Tuesday, December 16, 2014

Thinking outside the box

There is a lot of talk about whether cards look better with or without borders. I can see points for both, but in general I'm a border guy. Borders help make a set distinguishable over time. Most Fleer Ultra sets will never be able to say that.

But here is one thing about bordered sets that I've never seen brought up anywhere else, and it has to do with the 1991 Topps set:

Some of the player images OVERLAP THE BORDER!

Here is what I mean:

Felix Fermin's foot doesn't get cut off at the toe just because his spikes have hit the white border. They overlap into the white space!

Why all the exclamation points?

Well, up until this time, as far as I can tell, Topps sets featured a clearly defined border. And the image didn't stray into it. Pick whatever pre-1991 set you want. There's no glove straying into the black edges in 1971 Topps. There's no bat wandering into the purple of 1975 Topps. There's no elbow bumping up against the hockey stick in 1982 Topps.

But in 1991 Topps, time and again ...

... players are breaking the border wall.

It's like they've entered into a new dimension. All those years of being confined within four corners. All those "rules" about the pristine white border. So constraining.

It didn't matter anymore. Did it, Dwight Evans' bat?

I knew there was a reason I liked 1991 Topps other than the original, terrific photography. They were literally thinking outside the box!

However, I'm not willing to give Topps full credit.

I have my suspicions that it got this border-barrier-breaking idea from somewhere else. And, no, it was not Upper Deck.

It was Fleer.

During the late 1980s, Fleer went with very thick borders. I don't even think you can call them borders in some cases. And there's no way they could get a full major league baseball player within the photo space reserved for, say 1989 Fleer.

So the players instead broke out into the border, most notably in 1990 Fleer.

I think this is where the '91 Topps idea originated.

Early '90s Classic did the same thing periodically.

But even if it wasn't original I think it was best executed  by '91 Topps.

Now, if only it could have been done with 2008 Topps.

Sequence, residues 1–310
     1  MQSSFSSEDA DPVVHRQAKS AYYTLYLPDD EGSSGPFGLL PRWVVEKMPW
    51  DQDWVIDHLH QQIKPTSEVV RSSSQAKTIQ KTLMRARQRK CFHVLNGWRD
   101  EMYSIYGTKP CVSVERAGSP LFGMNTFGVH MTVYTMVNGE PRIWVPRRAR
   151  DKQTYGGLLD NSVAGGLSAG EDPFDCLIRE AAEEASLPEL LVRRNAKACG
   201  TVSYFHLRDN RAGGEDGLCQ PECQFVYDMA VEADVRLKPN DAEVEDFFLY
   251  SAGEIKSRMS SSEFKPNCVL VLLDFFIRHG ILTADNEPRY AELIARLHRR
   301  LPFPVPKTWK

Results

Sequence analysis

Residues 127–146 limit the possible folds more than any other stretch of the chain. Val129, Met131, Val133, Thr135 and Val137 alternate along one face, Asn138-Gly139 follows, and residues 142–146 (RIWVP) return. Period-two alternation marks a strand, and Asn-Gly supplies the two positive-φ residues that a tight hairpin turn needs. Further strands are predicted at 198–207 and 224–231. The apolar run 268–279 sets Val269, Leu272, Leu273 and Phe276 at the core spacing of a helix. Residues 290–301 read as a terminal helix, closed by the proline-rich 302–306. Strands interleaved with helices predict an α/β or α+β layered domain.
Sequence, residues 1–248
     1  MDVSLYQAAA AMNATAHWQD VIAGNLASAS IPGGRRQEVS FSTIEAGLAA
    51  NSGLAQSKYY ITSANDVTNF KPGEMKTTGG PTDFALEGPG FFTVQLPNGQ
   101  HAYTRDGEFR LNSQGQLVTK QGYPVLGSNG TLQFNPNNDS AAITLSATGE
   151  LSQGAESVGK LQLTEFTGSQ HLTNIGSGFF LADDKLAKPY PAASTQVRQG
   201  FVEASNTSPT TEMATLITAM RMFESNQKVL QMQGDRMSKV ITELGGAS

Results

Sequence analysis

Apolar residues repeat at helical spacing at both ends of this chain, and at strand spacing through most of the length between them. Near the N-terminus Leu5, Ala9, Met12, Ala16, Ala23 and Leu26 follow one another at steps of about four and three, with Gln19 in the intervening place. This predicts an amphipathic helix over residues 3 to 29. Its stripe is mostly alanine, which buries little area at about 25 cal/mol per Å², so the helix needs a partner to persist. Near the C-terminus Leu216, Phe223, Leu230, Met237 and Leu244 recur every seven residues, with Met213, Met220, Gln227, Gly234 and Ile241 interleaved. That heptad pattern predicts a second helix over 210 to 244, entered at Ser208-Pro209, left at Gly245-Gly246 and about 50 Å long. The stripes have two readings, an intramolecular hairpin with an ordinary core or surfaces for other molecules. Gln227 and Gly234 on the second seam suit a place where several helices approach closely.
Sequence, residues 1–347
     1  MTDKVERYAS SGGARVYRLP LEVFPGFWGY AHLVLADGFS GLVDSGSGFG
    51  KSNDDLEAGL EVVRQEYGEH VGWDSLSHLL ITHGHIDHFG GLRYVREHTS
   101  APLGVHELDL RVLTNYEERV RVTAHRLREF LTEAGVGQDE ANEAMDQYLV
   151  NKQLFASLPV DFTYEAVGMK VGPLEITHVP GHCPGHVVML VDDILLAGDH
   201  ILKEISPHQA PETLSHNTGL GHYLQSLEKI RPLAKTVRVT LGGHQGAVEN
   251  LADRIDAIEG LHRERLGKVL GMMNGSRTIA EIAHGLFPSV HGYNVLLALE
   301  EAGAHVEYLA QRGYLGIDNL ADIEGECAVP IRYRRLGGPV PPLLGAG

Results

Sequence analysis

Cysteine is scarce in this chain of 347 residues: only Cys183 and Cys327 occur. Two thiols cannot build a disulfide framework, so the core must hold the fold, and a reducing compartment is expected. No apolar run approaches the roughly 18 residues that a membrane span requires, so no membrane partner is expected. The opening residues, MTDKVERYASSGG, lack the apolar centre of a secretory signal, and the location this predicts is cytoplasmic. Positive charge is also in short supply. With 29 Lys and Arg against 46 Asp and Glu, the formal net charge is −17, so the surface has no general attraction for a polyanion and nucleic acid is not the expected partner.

1. Nice selection of examples. I think it is a cool effect on those cards. Never thought about the Fleer Connection. I like how there are a handful of 2010 Topps cards where some element of the Photo overlays the big wave swoosh.

  2. I sort of just ripped a pack of 1990 Fleer shortly before reading this, pulling 21 such cards from a 100 card repack. The only card that didn't break the border was a subset design.

  3. I love 1991 Topps and how it overlaps the border, but there's a set that precedes all of these, although the border overlap is subtle and doesn't occur on absolutely every card...

    1964 Topps.

    1. How very late '80s Fleer of 1964 Topps. :)

      You're right it's pretty subtle on '64 Topps and not as dramatic or as interesting as '91 Topps.

  4. Mine will be an unpopular opinion, but that has never stopped me before. I dislike it when image bleeds into the border, but I understand the counterpoint. The way I have always looked at is that if the border is going to be there, then it needs to be used like a border. If you put a border on your wall, you don't tear a piece out to let the wall shines through. I agree that the white border is boring and unnecessary at times, but if it is going to be used it should be used properly.

  5. I wish 1988 Score had done this with that stupid inside the border line...

  6. All those overlaps require the graphic artists to do a lot of cut outs, which I've done many times, and it's time consuming and kind of dreary work. The big effort was on 92 Score where they chopped out a third of the background, replaced it with a gradient, then had the player overlap the gradient, which required a lot of cut out work. Of course, I may be the only one who knows that since I may be the only person that's ever seen 92 Score.

  7. 1964 isn't the earliest Topps did this--most of the heads on 1959 Topps Football overlap the top border (I have no idea if anybody did it before 1959). It's a thin border, too, so a miscut ends up lopping off the the top of a head, and then of course there's the corresponding floating scalp on a different card.